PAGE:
Fifty years ago, a recruiter for Stephens College spotted an ad in a Minneapolis newspaper for a theater for lease in Spirit Lake, in the rural northwest corner of Iowa just south of Minnesota and east of South Dakota.
Then, as now, theater was a mainstay for Stephens, and the school saw an opportunity to develop a year-round program. A building on the property had been converted into a theater for use by Grinnell College, and Stephens took it over in 1957.
Each year, 30 students about to enter their third and final year of the theater program spend their summer at the Okoboji Summer Theatre, named for two nearby lakes — East and West Okoboji. Led by theater professionals, the students produce nine shows in 10 weeks.
This year, however, is special. Timed with Okoboji’s 50th anniversary, the 440-seat theater has undergone a $250,000 face-lift.
“The highlight of our anniversary is a total renovation of the interior of the theater,” said Beth Leonard, artistic director for Okoboji Summer Theatre and dean of Stephens’ School of Performing Arts. “It used to be an old airplane hangar, and we’ve just opened with a completely new look.”
Student and stage manager Lindsey King said the redone theater has a Frank Lloyd Wright feel. River rock now covers the back wall; other walls are wood-panelled. Dominant colors are gold and green; the seats are rust-colored tweed. The ceiling is vaulted.
“It’s got a little charm to it, and it’s got a homey and small-town feeling,” King said. “It’s comfy and makes everyone feel at home, like they’re in their living room watching a show.”
After a five-year fundraising campaign done by Okoboji through small events like silent auctions and raffles, the theater was unveiled at a ribbon-cutting in June. But the big party is this Friday and Saturday. About 100 alumnae are expected from all over the country for events including special performances, a barbecue, a reception and a gala. People from nearby communities, including Spirit Lake and Okoboji, are also invited.
In celebration of the theater’s 50th anniversary, Stephens led its own campaign, raising more than $650,000. The next major project is construction of a rehearsal hall, which is scheduled to open next summer. Other projects on the front-burner are a new patio and renovations to the theater’s green room. A new Student Endowment Fund will subsidize the cost for one student each season.
To boost fundraising, any alumna who donated $250 would have a seat in the theater named after whomever they wish, said Sarah Berghorn, public relations manager at Stephens. More than half of the seats have been sold; perhaps the most well-known name so far that will appear on a nameplate is Patricia Barry, a soap opera star and Stephens alumna.
Kendra Kay, who handles public relations for Okoboji Summer Theatre, said that about 900 invitations went out.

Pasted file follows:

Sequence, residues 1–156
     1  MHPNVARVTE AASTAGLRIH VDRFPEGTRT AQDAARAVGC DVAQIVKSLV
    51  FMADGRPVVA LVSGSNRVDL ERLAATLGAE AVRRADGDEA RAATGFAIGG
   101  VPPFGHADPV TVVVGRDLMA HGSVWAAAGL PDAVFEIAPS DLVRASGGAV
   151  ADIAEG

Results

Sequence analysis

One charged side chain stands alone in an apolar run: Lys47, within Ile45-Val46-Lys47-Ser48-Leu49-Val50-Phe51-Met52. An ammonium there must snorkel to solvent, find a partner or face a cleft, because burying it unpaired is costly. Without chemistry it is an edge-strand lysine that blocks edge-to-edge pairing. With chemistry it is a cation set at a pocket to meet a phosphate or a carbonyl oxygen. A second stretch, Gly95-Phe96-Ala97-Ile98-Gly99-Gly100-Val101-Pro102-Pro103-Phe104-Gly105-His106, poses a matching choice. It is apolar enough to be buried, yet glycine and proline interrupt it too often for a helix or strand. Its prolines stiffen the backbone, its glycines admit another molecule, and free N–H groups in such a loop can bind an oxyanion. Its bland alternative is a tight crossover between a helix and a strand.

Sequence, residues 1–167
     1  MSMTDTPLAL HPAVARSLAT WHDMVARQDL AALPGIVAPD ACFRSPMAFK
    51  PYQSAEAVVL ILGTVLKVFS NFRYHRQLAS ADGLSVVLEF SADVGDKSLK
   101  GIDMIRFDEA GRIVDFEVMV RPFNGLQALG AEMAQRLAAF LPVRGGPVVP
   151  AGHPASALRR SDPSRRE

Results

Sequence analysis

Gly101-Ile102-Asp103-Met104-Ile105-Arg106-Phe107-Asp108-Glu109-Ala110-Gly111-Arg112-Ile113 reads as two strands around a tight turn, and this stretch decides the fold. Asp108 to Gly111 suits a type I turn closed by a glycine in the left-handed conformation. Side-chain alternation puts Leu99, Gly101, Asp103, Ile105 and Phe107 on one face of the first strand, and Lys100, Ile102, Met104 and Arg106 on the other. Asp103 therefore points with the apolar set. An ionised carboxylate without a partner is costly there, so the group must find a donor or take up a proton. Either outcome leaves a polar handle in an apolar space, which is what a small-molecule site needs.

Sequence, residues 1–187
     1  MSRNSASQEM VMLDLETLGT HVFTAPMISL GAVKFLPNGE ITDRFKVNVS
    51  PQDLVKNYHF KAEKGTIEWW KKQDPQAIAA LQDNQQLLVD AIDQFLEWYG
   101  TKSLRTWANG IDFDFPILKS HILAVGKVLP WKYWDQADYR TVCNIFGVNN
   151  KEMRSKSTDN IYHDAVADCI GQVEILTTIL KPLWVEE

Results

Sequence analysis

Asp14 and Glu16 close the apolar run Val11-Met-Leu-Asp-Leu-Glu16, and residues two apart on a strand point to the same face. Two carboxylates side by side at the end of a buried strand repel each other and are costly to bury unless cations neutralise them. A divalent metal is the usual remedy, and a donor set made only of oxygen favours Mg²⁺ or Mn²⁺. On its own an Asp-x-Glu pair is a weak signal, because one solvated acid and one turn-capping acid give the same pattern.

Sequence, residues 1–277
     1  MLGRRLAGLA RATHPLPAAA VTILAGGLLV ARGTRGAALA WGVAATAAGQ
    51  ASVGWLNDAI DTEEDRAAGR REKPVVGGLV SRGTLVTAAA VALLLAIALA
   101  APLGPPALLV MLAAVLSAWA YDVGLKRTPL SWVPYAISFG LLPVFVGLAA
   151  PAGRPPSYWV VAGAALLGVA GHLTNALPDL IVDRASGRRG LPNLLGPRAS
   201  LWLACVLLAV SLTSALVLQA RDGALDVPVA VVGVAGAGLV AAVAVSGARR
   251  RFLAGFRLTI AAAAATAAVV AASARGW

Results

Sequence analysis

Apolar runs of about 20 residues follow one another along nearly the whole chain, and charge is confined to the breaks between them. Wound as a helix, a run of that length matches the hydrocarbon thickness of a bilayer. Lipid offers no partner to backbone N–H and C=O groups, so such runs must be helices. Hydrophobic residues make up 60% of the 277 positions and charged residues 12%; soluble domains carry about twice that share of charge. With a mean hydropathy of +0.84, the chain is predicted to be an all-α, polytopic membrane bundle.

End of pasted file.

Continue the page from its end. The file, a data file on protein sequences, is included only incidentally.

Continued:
“We sent invites all over the U.S. and to some foreign countries,” Kay said. “We’ve never thrown a party this big.”
The summer program isn’t being celebrated just for the theater’s new look; it’s being celebrated for what it does for students.
“I think Okoboji contributes to one of the reasons why Stephens has a nationally ranked theater program,” Leonard said. “There are very few other undergraduate training programs that has this for students.”
The Princeton Review, a for-profit company that helps students explore schools and careers, ranked Stephens College sixth in the Best College Theater category for 2007.
Students live at Okoboji, which has expanded to 15 acres, and work alongside professional actors, set designers, directors and costume designers, many of whom are Stephens graduates.
“They come from all over the U.S.,” Kay said. “This year, we have people from California, Kansas City, New York, Texas, Seattle and Minnesota. It gives students the opportunity to work with a lot of professionals.”
Shannon Blankenship-Walls, who graduated from Stephens in 1993, said that working as a scenic designer at Okoboji was a one-of-a-kind experience that sets the school’s theater program apart.
“I remember working with seasoned professionals and them treating me and expecting me to behave like a professional,” said Blankenship-Walls, who now raises money for Stephens in its development office. “That kind of setting really enhances how you succeed in the real world. I wish every profession had an intense training program that sets students on a path toward success.”
The hard work at Okoboji creates a strong sense of community.
“We did ‘Godspell’ the musical, and we were blocking the crucifixion scene three days before opening night. The character of Jesus was going down the line, saying ‘bye’ to everybody, and everyone in the cast started to cry,” King recalled. “This just proved to me what this place means to everybody and how close everyone has become.”
Adam Branson, who spent his first summer at Okoboji in 2002 and returned in 2003, echoed King, remembering the sense of closeness forged in that setting. He said he’ll never forget one tradition.
“They do a pig roast every year,” said Branson, who now lives in New York City. “There is a Pork Court where the males run for queen or princess and the females run for king or prince. People joke around that it’s an actual holiday.”
Third-year theater major Christina Sidiropoulos, who is at Okoboji now, said the word for the summer program is “overwhelming.” Any student can be a part of three shows at one time, performing in one and rehearsing for two others.
“You’re eating, living, breathing theater all the time,” Sidiropoulos said. “And I had this epiphany: This is what I’m supposed to do.”
Missourian reporter Emily Van Zandt contributed to this story.